Draymond Green at center of the Warriors' small-ball advantage
The worst that can be said of Golden State's take on small ball, which features 6'7" Draymond Green at center, is that it's situational. There are times when Warriors coach Steve Kerr would rather not risk the deficits in rim protection and rebounding that come with taking a traditional center off the floor against the wrong matchup. The Warriors' most common small-ball variations still rank among the team's best lineups, as Kerr well knows. All that's needed to maximize their effect is some discretion in deciding when they should be employed.
In that regard, the Rockets are an especially forgiving opponent. What Green gives up in size to Dwight Howard he makes up for in strength, quickness, and grasp of basketball's dark arts. That's a matchup Golden State can survive, because Green is physical and mobile enough to both take away some Howard screen-and-rolls and stay solid on any post-up attempts that come his way. Howard's frontcourt counterparts, Josh Smith and Terrence Jones, aren't problems in the slightest for lanky wings like Harrison Barnes and Andre Iguodala. Whatever momentary advantage can be gained from their size isn't so significant a threat as to cause concern.
This is where Golden State's small ball stands apart. When teams around the league opt to run smaller lineups by choice, they typically do so for the sake of their offense. The exchange of a traditional center for a more mobile power forward and of a power forward for a stretch shooter can open up even the most static offenses. There is demonstrable value in having the right kinds of scoring threats on the floor at the right distance.
Defensive integrity is usually the offsetting cost. Giving up size across the frontcourt makes most teams vulnerable to drives, cuts, and offensive rebounds. It's just not so for the Warriors—at least not to a degree that should in any way deter the use of small lineups. In Game 1, we saw undersize, overly flexible Golden State apply the clamps to Houston's offense with Howard still on the floor.
This confirmed the greater trend we've seen throughout the regular season and playoffs: In controlled stretches, the small-ball Warriors ramp up the pace, improve their spacing, and—contrary to type—maintain an excellent team defense:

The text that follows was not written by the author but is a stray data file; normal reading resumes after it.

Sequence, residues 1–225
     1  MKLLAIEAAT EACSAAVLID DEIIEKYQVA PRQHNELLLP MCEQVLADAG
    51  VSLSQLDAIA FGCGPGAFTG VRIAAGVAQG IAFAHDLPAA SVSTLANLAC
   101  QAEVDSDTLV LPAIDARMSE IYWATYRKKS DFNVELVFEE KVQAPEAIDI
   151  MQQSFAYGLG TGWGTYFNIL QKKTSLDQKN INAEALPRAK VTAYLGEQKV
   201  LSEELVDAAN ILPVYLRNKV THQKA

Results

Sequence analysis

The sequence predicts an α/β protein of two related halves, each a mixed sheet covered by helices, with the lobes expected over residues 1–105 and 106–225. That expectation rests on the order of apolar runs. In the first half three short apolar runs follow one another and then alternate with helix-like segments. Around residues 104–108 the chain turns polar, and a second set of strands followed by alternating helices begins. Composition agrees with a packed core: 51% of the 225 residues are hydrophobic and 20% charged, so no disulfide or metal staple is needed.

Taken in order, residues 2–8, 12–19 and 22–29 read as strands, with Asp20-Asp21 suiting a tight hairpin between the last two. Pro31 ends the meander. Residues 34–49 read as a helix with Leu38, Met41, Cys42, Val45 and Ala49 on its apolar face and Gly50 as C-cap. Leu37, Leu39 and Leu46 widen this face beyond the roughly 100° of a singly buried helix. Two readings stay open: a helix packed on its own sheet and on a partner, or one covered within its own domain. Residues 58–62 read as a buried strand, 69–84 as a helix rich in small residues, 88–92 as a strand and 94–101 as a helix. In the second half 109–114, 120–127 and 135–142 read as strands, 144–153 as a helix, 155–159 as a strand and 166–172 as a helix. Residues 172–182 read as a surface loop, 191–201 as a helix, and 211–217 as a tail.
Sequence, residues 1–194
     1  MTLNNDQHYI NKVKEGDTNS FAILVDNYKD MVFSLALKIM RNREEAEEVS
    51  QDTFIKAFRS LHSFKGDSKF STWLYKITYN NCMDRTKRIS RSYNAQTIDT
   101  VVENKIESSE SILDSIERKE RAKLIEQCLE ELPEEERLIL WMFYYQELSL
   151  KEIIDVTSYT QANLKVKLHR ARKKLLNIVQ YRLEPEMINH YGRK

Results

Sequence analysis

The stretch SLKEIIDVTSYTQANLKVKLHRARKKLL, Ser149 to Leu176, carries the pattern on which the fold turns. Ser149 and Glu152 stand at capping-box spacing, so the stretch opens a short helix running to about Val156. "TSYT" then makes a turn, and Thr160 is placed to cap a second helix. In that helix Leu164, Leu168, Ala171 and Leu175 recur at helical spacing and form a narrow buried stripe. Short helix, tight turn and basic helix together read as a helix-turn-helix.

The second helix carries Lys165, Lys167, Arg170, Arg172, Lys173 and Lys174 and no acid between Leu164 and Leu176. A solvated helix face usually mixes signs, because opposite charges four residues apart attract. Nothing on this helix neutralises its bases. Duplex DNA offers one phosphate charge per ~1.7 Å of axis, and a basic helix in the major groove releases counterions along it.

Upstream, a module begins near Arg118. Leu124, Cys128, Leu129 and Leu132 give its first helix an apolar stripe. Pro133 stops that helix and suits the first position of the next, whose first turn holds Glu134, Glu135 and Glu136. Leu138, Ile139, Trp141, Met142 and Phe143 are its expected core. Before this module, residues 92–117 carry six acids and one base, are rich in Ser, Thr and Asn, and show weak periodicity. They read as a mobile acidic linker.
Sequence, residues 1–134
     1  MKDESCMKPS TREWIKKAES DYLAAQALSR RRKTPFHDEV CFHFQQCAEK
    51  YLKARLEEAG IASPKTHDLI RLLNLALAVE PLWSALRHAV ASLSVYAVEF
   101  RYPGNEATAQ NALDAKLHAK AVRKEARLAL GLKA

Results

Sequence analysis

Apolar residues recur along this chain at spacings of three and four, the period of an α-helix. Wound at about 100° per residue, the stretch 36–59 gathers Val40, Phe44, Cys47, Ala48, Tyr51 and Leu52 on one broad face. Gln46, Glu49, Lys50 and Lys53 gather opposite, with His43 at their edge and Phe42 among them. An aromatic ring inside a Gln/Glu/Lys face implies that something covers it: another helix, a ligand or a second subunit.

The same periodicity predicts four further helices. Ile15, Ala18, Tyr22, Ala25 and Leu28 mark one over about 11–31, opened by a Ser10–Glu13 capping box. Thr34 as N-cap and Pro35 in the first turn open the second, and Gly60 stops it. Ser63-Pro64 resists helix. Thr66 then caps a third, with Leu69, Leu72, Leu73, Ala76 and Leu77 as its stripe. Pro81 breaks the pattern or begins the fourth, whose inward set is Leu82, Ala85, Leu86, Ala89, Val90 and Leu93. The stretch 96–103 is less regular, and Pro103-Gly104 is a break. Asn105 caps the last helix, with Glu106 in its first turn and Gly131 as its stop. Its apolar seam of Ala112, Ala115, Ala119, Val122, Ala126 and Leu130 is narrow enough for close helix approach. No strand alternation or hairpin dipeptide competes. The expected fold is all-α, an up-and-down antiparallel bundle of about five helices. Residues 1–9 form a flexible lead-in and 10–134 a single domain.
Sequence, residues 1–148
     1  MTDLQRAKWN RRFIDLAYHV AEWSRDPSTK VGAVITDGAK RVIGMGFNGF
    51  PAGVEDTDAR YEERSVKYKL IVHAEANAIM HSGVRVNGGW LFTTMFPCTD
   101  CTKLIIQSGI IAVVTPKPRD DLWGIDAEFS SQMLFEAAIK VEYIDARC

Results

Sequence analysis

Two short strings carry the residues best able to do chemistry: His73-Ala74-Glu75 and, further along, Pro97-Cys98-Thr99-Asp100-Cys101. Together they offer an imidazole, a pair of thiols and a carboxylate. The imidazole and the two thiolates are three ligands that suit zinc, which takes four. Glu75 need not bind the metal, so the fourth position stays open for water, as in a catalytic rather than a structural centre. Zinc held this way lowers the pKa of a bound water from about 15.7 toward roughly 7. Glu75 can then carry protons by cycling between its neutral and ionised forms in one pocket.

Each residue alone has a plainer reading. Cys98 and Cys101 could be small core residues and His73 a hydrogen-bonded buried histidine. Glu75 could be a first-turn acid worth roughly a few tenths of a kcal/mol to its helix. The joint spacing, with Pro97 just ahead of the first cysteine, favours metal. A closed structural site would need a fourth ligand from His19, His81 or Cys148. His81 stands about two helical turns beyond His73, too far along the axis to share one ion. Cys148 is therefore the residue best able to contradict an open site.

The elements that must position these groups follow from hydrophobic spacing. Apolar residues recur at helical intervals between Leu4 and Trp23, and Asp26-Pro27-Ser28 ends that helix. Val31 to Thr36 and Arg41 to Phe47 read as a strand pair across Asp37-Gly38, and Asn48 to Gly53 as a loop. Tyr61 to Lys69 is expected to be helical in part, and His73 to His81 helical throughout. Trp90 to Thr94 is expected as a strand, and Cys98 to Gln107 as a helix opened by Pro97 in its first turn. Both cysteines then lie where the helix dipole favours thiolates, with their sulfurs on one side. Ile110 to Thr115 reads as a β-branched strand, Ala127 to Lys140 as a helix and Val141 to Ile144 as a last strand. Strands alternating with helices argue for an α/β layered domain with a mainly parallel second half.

Data: NBAWowy. Photo: Ezra Shaw/Getty Images.
The question the Warriors face is not if they should go small in their series against the Rockets, but for how long. Houston's rotation and Howard's knee injury (the full implications of which won't be known until Game 2) make its usage a no-brainer; the risks of going small are muted in this series, and the gains are obvious. Notable bumps in shooting efficiency almost across the board and an inflated pace that can quickly blow open a game will follow.
The only catch is the very same that Kerr has noted all along. Here's what the Warriors coach said of using Green at center back in March (via Tim Kawakami of the San Jose Mercury News):
"We generally like to have Bogut at the rim for defense, that’s when we’re at our best, when we can switch everything but still have the rim protection. But yeah, we can do it to other teams as well if we choose. You know, it takes a lot out of guys to play that way; it really is taxing. So I would rather use it in spurts, which we try to do, then do it the whole game. But it’s definitely a weapon that we can use against other teams, too, not just react to other teams.”
Running small asks a lot of Green, who must deal with an exaggerated size disadvantage while acting as his team's last line of defense, running the floor, and driving whenever possible to attack a slower opponent. It asks a lot of Barnes and Iguodala, who need to transition quickly from hard box-out to transition sprint. It asks a lot of whoever is guarding Harden (Klay Thompson, Iguodala, or Shaun Livingston) to do so without superior rim protection. It even asks more of the Warriors' other perimeter players, who have to scramble more consistently on defense without Bogut on the floor and could be switched mid-possession to cover even bigger opponents should the occasion call for it.
If Golden State isn't at its best with Green playing the five (an arguable point), it's at least at its purest. Never are the Warriors more unguardable, more frenetic, or more wearying. Through those lineups, their already aggressive style becomes restrictive, with most opponents forced to compromise their own rotations as they attempt, often in vain, to combat the propulsive rhythm that Golden State stokes freely. Once they reach tempo, the small-ball Warriors' greatest adversary is burnout. None—not even the pace-pushing Rockets—can run with them.